Thus if the rate of interest prevailing is 9 per cent then you will require an investment of Rs 1 lakh to generate the sum at the end of one year.  Using other types of instruments could lead to a situation where the irregularity of the income that can even be negative would hurt the chances of achievment of the goals on time.

Benefits of fixed income investing

Lesser risk

Every investment comes along with an element of risk and reducing risk is a major goal for first time investors. This can be achieved by investing in fixed income instruments. Many instruments like fixed deposits are not traded which removes volatility in prices for you. Further there is the ability to raise funds by redeeming or selling the fixed income investment which can tackle liquidity problems. These instruments have a fixed rate of return and regular payments also increase your confidence in their ability to repay the capital amounts at the end of the term.


Fixed income investments are debt instruments so they represent an asset class that is distinct from equities or commodities. This makes their movements independent to what several other assets are witnessing and it becomes a way for investors like you to diversify their portfolio. Conditions that impact fixed income instruments are different and hence the changes witnessed here will be distinct from other assets. This again reduces their relation and ability to change in a manner that is similar to other investments. This difference in features will lead to a situation where the benefits of diversification flow to you.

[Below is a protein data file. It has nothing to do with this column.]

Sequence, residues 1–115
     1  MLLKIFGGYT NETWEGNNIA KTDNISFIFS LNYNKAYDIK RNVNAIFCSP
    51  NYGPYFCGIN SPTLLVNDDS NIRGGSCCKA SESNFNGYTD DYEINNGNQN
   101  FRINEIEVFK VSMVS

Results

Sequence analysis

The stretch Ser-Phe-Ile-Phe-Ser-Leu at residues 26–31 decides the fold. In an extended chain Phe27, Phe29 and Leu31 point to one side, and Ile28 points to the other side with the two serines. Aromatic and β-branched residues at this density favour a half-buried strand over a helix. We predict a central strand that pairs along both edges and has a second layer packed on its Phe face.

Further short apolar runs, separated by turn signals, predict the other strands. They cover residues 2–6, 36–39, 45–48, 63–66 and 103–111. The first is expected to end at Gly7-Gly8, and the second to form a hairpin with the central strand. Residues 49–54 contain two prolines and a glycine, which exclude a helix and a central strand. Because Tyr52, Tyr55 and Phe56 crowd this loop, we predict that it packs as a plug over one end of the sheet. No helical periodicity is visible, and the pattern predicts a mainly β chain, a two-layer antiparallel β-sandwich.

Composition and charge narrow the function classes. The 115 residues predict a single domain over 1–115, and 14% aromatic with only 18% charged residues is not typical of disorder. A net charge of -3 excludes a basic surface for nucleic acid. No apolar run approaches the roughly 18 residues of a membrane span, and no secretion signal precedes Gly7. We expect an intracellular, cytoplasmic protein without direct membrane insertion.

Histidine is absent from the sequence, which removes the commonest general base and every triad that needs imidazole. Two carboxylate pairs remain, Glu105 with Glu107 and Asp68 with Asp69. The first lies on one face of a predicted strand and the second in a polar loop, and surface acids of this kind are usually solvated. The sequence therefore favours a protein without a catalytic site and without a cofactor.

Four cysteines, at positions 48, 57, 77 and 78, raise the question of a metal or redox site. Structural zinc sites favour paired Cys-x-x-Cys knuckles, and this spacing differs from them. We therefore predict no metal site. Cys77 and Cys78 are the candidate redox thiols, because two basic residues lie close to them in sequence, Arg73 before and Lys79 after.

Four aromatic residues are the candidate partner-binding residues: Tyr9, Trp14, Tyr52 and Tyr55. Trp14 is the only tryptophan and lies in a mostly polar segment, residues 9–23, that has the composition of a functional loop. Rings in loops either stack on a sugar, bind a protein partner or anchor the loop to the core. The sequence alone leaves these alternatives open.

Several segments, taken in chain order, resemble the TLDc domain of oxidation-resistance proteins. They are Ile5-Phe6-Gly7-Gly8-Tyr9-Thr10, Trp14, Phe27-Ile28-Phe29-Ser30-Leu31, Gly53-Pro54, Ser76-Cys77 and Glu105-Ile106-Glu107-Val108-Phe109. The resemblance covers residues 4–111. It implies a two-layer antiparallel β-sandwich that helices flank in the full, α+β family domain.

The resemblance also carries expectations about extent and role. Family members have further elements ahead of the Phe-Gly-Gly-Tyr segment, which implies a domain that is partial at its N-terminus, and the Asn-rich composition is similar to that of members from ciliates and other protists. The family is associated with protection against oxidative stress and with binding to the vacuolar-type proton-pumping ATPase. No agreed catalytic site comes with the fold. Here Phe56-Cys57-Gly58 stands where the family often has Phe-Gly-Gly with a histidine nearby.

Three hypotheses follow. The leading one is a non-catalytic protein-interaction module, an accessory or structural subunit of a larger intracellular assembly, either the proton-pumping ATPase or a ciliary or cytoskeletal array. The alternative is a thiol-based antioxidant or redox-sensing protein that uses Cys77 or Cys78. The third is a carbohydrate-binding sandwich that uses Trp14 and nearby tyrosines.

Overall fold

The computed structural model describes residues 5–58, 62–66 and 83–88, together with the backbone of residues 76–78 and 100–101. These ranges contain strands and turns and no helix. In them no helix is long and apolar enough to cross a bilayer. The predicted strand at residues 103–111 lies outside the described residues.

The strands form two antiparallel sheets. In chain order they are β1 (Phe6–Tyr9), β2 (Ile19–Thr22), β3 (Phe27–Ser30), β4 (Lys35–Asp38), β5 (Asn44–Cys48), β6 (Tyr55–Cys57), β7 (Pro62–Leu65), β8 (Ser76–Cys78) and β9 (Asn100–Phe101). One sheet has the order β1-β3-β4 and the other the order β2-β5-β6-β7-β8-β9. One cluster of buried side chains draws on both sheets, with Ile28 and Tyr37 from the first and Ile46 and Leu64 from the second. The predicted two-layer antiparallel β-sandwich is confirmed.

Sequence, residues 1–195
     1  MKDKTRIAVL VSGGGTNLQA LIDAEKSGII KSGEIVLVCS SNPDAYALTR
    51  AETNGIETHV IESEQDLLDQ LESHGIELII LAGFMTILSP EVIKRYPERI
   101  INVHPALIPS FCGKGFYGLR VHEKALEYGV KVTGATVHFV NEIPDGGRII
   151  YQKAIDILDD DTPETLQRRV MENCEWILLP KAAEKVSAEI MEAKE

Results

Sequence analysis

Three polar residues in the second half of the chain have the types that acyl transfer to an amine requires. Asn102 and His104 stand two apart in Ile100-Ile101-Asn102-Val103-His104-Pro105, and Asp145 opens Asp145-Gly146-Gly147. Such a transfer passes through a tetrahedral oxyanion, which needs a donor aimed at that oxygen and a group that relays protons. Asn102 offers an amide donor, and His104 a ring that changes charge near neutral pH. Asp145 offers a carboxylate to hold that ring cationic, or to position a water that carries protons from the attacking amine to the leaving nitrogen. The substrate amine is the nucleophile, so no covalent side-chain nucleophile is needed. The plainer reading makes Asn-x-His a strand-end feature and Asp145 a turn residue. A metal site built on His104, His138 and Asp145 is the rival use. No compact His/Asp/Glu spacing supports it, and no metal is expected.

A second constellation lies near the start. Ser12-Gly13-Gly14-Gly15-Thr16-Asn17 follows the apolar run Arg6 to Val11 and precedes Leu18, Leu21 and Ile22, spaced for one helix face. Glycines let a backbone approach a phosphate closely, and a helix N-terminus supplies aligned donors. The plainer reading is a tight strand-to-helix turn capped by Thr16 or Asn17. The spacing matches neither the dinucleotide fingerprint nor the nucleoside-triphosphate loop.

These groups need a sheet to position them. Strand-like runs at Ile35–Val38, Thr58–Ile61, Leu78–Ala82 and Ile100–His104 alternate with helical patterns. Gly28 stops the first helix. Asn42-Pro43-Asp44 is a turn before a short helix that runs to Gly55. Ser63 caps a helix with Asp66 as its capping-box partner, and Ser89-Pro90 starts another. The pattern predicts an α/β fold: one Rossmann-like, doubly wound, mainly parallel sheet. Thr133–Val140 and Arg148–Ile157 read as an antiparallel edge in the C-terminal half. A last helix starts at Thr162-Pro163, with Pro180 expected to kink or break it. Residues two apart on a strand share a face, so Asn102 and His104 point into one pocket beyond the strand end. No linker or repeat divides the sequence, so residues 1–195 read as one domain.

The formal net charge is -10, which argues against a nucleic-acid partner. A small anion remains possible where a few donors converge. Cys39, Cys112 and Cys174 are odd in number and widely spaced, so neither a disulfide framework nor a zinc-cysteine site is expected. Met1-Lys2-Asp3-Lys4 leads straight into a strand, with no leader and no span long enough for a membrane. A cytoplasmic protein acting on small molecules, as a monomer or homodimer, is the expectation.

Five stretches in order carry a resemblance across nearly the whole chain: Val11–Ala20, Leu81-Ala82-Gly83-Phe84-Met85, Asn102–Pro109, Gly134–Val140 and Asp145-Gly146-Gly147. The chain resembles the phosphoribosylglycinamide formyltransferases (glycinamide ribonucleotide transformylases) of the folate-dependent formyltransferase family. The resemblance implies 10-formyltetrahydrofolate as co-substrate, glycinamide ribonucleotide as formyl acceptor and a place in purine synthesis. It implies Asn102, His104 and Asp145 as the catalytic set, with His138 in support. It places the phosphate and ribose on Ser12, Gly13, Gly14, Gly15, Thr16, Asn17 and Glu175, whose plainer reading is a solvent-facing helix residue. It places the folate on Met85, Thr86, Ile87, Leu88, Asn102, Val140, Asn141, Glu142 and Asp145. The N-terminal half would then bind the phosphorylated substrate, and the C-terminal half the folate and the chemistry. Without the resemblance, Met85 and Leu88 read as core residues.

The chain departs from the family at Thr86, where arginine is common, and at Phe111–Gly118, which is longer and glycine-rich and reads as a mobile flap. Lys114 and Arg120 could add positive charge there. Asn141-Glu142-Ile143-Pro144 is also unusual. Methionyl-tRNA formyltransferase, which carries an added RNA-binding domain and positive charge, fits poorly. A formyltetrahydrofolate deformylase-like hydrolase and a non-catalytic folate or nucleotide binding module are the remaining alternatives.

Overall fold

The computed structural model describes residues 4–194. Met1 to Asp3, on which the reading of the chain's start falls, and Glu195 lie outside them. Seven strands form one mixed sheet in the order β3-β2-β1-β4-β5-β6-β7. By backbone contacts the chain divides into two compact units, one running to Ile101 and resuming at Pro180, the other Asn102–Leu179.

Long term capital accumulation

Fixed income instruments ensure steady stream of earnings in the form of interest. As you start out on your investment journey in life this might look to be moderate in terms of earnings. With time on your side you can ensure that the benefit of compounding works in your favour. An investment of Rs 1 lakh earning 8 per cent per annum that is accumulated and reinvested might just give an earning of Rs 8,000 in the first year.

The earnings will rise to Rs 11,000 by the fifth year and Rs 16,000 by the 10th year. In another 10 years time the investment would be earning nearly Rs 34,000 each year at the same rate of interest. This massive rise in the absolute earnings over a period of time can be possible by simple discipline and it can yield you significant benefits in the later years.

How should I tackle this situation?

There is a need for a slow and steady approach in building your portfolio over a period of time. As a first time investor you should start off with areas that you understand and which you can slowly become comfortable with. Fixed income instruments can play a significant role as this will provide stability and balance to the portfolio while you familiarise yourself with areas like equities. 

Break up your goals over the time periods when they have to be achieved and this will give you a better idea of going about the process. Using fixed income instruments for goals that are not very far away and where you cannot afford to be underfunded would be a good strategy. As your portfolio grows over a period of time ensure that there is a balance maintained among different areas so that it does not become tilted towards a specific instrument or area.